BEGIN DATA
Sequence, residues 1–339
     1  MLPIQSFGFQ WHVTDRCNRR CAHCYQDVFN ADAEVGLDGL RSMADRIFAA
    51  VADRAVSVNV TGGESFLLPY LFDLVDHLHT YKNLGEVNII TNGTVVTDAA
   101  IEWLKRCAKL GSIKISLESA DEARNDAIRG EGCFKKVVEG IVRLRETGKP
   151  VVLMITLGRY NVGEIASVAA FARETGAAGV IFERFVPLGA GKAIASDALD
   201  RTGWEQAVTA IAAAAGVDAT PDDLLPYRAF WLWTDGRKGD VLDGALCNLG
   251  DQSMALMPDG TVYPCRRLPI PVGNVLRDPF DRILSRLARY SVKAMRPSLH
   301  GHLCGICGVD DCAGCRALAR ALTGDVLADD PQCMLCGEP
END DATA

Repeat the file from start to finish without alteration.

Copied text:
Sequence, residues 1–339
     1  MLPIQSFGFQ WHVTDRCNRR CAHCYQDVFN ADAEVGLDGL RSMADRIFAA
    51  VADRAVSVNV TGGESFLLPY LFDLVDHLHT YKNLGEVNII TNGTVVTDAA
   101  IEWLKRCAKL GSIKISLESA DEARNDAIRG EGCFKKVVEG IVRLRETGKP
   151  VVLMITLGRY NVGEIASVAA FARETGAAGV IFERFVPLGA GKAIASDALD
   201  RTGWEQAVTA IAAAAGVDAT PDDLLPYRAF WLWTDGRKGD VLDGALCNLG
   251  DQSMALMPDG TVYPCRRLPI PVGNVLRDPF DRILSRLARY SVKAMRPSLH
   301  GHLCGICGVD DCAGCRALAR ALTGDVLADD PQCMLCGEP